How To: Preparing G12 (Filament wound) air-frame for primer?

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jahall4

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I have performed a cursory search for a thread specific to the title and found nothing. So I thought I’d start one. Frankly I’m sort of surprised so if I have overlooked one my apologies.

So here’s the specifics… after you have cleaned the parts maybe even used alcohol as the final step to remove absolutely all traces of greases and oils…

… is it beneficial to sand? If so what grit or progression of grits?... and why?

The assumption is that any filling and shaping was done prior to this step of primer preparation. For instance on a defect-free tube or nosecone there may be nothing to fill or sand.

Thanks in advance for your recommendations!
 

rms

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I prime with automotive high build primer after sanding the fibreglass parts with 120 or and 180 and then 220 grit. Once primed I sand the primer with 220 and then 320 and then paint. Why that way? That is the way I have painted cars. I have never seen the need to go to 400 grit or finer. I do use two stage paint though and sanding scratches aren't a problem. I don't wet sand just because I don't like the liquid mess it makes but in saying that I have wet sanded the clear coat with 600 to 1500 or 2000 and polished to take out orange peel. Clear is a lot cleaner when wet sanding or I just don't see the mess:) I have not seen a fibreglass tube that is so perfect that the primer doesn't fill something, be it pin holes or cloth weave. In my thinking primer is cheap insurance in getting a good base for the topcoat.

Greg
 

dhbarr

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I've read this thread more than once, but I don't recall it providing any info about painting. Does it? It's a log thread, where?
Apologies, misheard a general fiberglass prep query, not a paint-specific one.
 

mikec

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I've always just used one coat of regular primer, no sanding or maybe a light dry sanding with 400 grit, and called it good. I've never had what I felt was a significant defect on a G12 tube.

I'm sure you'll see a whole spectrum of painting level of effort being discussed. Do what makes you happy.
 

mpitfield

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I like to use about a 100 - 120 grit on the clean fiberglass, the lay down a couple of light Dupli-color filler prime coats then inspect for imperfections, fill imperfections with 3M spot putty sand with a 220, repeat until tube is defect free. If defect free from then start then move onto the paint, although on glass I typically wet sand with 400 before starting my base coats, or on paper tubes I use 320 dry.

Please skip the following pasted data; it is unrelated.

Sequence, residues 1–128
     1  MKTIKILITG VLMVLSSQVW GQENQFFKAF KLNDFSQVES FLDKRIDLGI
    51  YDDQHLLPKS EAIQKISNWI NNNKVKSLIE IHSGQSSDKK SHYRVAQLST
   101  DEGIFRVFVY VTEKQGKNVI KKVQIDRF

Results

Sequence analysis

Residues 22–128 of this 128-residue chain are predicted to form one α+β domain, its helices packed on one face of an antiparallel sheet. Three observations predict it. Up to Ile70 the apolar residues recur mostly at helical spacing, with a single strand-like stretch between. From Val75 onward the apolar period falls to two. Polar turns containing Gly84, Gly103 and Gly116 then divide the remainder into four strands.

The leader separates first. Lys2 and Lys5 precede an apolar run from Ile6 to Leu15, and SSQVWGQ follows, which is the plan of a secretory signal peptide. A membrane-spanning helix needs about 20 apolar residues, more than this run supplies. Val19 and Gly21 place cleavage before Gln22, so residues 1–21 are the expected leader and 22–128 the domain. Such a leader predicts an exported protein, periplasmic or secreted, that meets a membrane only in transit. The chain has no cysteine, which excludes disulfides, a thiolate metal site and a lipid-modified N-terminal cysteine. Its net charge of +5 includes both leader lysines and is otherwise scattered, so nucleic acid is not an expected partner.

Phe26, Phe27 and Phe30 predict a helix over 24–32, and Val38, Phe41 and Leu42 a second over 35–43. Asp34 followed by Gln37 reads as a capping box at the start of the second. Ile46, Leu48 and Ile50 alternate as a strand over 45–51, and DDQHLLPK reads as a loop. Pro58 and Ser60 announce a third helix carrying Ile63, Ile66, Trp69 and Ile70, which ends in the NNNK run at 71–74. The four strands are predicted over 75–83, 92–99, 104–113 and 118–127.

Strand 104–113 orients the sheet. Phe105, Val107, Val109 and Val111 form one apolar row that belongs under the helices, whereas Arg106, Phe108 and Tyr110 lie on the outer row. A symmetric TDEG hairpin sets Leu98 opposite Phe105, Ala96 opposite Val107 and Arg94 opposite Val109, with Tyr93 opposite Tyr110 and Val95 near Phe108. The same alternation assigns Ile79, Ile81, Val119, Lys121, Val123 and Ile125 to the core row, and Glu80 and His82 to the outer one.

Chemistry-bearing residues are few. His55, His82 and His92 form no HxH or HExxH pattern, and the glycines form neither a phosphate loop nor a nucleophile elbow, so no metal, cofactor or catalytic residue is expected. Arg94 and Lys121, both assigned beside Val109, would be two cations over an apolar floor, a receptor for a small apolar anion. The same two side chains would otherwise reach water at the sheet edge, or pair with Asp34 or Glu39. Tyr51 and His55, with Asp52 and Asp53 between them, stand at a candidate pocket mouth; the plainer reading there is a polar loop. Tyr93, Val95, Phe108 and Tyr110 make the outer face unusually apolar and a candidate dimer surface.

OverTheTop

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My fiberglass birds always start with a wash as per the suggestion in that bonding thread (although in my case I choose MIBK as the solvent). That gets rid of any mold-release compound. I then build the rocket, and when ready to paint it gets a light sand with 220 grit. Then I use a plastic primer before application of the rattle-can paint. I generally stick to more reputable brands like 3M and Dulux.

If they go in for the automotive two-pack treatment with my friend I have no idea what the prep is (but the results are great :)).
 

jahall4

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Apologies, misheard a general fiberglass prep query, not a paint-specific one.
No worries always a good read and not surprising the folks are using around 220 for paint, much like is recommend for epoxy bonding in that thread.
 

jahall4

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So what I’m gleaning is the most use between 220 – 400 grit before laying down a primer.

Also a few of you have mentioned a filler primer like Dupli-color which is a go to product for me.

Anyone not sand G12 at all or something else very different?
 

mikec

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Anyone not sand G12 at all or something else very different?
I've never sanded it at all before primer, but like I said above, there are wildly varying levels of painting effort and no "right way" IMHO.

If there's nothing to fill you don't need a filler primer, but it can't hurt if you like it. Duplicolor doesn't fill much anyway in my experience.

Keep in mind that filament-wound tube is a far different beast than laminated fiberglass over a substrate. The old G10 tubes were even better than filament-wound but alas, nobody seems to be making them any more.
 

caveduck

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After a solvent wash to kill the mold release I go straight to Klass Kote epoxy primer, which is pretty high build, sandable in a few hours, and has amazing sanding properties (practically will not load up the sandpaper). Sand with 320 - either wet or dry - and you're good to go.
 

jahall4

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After a solvent wash to kill the mold release I go straight to Klass Kote epoxy primer, which is pretty high build, sandable in a few hours, and has amazing sanding properties (practically will not load up the sandpaper). Sand with 320 - either wet or dry - and you're good to go.
Interesting... Do you spray or apply with a brush?
 
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